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Our 3 year old male, neutered, healthy, active outdoor cat
Our 3 year old male, neutered, healthy, active outdoor cat has over the last few months suddenly become obsessed and even scared of his own tail. Initially we thought it was some sort of game, chasing and biting it. However, over the last week it seems more than that, he's now growling at it and trying to escape from it and clearly distressed. We have checked the tail and his backside, there are no wounds, fur loss or fleas.
The tail is flicking, presumably he's doing that but acts as if it's some sort of threat.
2 years ago.
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replied 2 years ago.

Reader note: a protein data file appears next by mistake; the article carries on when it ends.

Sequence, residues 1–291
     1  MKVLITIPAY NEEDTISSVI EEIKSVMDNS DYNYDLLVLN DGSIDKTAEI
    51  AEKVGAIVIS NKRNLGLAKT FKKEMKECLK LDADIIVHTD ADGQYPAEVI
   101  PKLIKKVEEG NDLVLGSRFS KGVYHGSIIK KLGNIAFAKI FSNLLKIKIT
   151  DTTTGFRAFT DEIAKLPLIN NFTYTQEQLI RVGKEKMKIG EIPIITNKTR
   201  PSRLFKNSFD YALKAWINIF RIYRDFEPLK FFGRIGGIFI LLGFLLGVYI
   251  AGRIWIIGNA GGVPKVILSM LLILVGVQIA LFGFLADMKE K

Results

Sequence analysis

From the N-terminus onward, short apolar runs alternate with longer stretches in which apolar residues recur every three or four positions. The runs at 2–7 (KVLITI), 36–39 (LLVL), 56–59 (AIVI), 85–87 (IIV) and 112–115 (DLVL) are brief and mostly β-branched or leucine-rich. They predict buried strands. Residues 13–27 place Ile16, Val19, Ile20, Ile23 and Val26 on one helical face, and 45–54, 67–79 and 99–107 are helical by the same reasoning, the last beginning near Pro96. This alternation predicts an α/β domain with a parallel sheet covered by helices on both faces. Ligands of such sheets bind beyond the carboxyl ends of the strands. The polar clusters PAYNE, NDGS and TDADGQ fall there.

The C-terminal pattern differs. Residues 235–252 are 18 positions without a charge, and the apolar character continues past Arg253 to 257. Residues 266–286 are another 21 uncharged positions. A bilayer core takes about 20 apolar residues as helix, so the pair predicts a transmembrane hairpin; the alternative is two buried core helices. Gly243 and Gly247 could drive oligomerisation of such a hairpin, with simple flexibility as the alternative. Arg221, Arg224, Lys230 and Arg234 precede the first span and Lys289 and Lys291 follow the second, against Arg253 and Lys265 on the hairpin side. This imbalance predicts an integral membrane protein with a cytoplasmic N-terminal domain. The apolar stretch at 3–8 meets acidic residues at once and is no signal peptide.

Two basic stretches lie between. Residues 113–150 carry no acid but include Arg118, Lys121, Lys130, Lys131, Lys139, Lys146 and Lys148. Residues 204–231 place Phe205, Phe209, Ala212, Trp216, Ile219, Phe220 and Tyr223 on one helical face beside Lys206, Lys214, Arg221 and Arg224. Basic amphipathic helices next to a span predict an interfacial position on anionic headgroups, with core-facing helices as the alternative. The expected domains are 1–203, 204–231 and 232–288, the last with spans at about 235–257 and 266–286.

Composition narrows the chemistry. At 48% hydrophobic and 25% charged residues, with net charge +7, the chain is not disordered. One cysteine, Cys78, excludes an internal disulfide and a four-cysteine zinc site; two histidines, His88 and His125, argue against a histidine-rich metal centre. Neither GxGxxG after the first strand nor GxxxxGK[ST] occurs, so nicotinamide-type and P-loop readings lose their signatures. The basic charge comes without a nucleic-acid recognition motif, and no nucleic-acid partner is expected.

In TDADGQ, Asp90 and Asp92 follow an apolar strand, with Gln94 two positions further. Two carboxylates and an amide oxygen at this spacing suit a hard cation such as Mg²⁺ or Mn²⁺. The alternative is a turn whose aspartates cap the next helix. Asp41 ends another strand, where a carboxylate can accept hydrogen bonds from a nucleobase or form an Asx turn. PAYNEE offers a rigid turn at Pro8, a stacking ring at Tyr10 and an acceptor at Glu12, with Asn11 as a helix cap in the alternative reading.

Hello, my name is***** and I have over 20 years of experience as a veterinarian. I am very sorry to hear about your fellow's discomfort. Allergies are the most common cause of itchy, uncomfortable skin. And flea allergy is the most common allergen. It seems to affect the tailhead and back area most so it is definitely possible, especially since he is an outdoor fellow. I know that you've checked him for fleas but if he is very sensitive he may be removing the evidence with excessive grooming.I'd use flea protection every 28 days. Both Advantage II and Frontline Plus work quite well at killing fleas and are less likely to create a skin reaction. I don't normally recommend flea collars but the new Seresto Flea collar is excellent and provides 6-8 months of continual protection. Other allergens are inhaled (like mold spores or pollens) or food allergies.To treat his allergic reaction to the flea bites (or inhaled allergy) I recommend antihistamines and omega-3 fatty acids. Some antihistamines to try are:1) Diphenhydramine at 2mg per kilogram or 1/2 of a 25mg tablet per 4 to 8 kilogram cat 2 to 3 times daily. You can crush the pill up and hide it in something tasty like canned cat food or you can give it directly. Make sure whatever you use is diphenhydramine only as the combination products with decongestants and acetaminophen are toxic to cats.OR 2) Chlorpheniramine 4mg per cat once or twice daily.OR3) Zyrtec (Cetirizine hydrochloride) at a dose of 5 mg per cat given orally every 24 hours. (Make sure it is NOT the formulation with a decongestant (such as Zyrtec-D) because cats cannot tolerate decongestants.)Omega-3 fatty acids will work synergistically with the antihistamine to soothe his itch and as a bonus will improve his hair coat and skin condition in general. I like the products by Derm Caps or 3V. These come in pump form to put on the food or you can puncture the capsules and dribble it on his food.I recommend a dose based upon the EPA portion (eicosapentanoic acid) of the supplement as if we do that the rest of the supplement will be properly balanced. Give him 40mg of EPA per kilogram of body weight per day. For example a 5 kilogram cat could take 200mg of EPA per day. Antihistamines and omega-3 fatty acids work synergistically. These should help reduce the itch. Be aware that antihistamines can cause drowsiness or hyperactivity which should resolve with continued use. Another possibility for his discomfort is a condition called hyperesthesia. Hyperesthesia is a poorly understood syndrome which is difficult to diagnose. These cats have pain and hypersensitivity to touch on their back and tails. They sometimes will bite at themselves because they are so uncomfortable. It is a poorly understood disease process with no definitive test for diagnosis and so other problems (such as spinal arthritis or infections or allergic reactions) should be ruled out first. We do know that stress does seem to make this disease process worse or flare more frequently. Sometimes mood altering drugs and steroids can be helpful.Here are a couple links discussing hyperesthesia syndrome if you are interested: http://www.veterinarypartner.com/Content.plx?P=A&A=1998&S=4&SourceID=62http://www.cathealth.com/hyperesthesia.htmI Another condition which initially causes pain, but can later lead to urine and stool incontinence is lumbosacral stenosis. This is a narrowing of the bony canal that the spinal cord travels through, either due to weak ligaments holding the vertebrae in place or arthritis changes in the vertebrae. It is more common in dogs than cats but it can occur in cats.Has he has ever had radiographs of his spine?It is possible that he has a slipped intervertebral disc (the soft cushions between the vertebrae which allow spinal flexibility). When this happens pressure is placed on the spinal cord which is quite painful.Since he goes outdoors he may have had some sort of trauma where his tail got caught and the nerves were stretched. As the nerves regnerate there is a tingling, sometimes painful sensation which can lead to the cat chewing or biting at the area.LS stenosis and a slipped disc can sometimes be diagnosed with regular radiographs sometimes but many times an MRI or myelogram (dye study of the spinal cord space) is needed. Anyway in your cat's case I would start with trying to control allergies and if that doesn't work then he needs a thorough examination, as well as bloodwork to make sure internal organ function is normal, and a urinalysis with culture to look for a urinary tract infection, as well as radiographs of his pelvis/spine. If that all looks normal referral to a neurologist for an MRI may give you the answers that you need.Let me know if you have any further questions.
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